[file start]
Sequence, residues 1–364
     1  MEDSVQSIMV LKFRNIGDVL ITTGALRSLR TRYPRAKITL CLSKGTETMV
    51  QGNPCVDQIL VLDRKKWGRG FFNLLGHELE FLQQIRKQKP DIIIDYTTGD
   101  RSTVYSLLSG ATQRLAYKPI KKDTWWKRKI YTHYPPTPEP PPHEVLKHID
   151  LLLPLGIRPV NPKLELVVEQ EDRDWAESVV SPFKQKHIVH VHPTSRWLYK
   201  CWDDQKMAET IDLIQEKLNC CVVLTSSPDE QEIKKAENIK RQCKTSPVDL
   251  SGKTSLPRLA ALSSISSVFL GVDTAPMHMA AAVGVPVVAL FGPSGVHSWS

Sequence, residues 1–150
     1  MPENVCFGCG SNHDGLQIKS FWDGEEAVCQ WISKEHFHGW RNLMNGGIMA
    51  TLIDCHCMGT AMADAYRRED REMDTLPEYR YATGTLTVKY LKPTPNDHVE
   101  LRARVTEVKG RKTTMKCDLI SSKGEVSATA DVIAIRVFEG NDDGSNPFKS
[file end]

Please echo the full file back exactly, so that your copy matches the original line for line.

Sequence, residues 1–364
     1  MEDSVQSIMV LKFRNIGDVL ITTGALRSLR TRYPRAKITL CLSKGTETMV
    51  QGNPCVDQIL VLDRKKWGRG FFNLLGHELE FLQQIRKQKP DIIIDYTTGD
   101  RSTVYSLLSG ATQRLAYKPI KKDTWWKRKI YTHYPPTPEP PPHEVLKHID
   151  LLLPLGIRPV NPKLELVVEQ EDRDWAESVV SPFKQKHIVH VHPTSRWLYK
   201  CWDDQKMAET IDLIQEKLNC CVVLTSSPDE QEIKKAENIK RQCKTSPVDL
   251  SGKTSLPRLA ALSSISSVFL GVDTAPMHMA AAVGVPVVAL FGPSGVHSWS

Sequence, residues 1–150
     1  MPENVCFGCG SNHDGLQIKS FWDGEEAVCQ WISKEHFHGW RNLMNGGIMA
    51  TLIDCHCMGT AMADAYRRED REMDTLPEYR YATGTLTVKY LKPTPNDHVE
   101  LRARVTEVKG RKTTMKCDLI SSKGEVSATA DVIAIRVFEG NDDGSNPFKS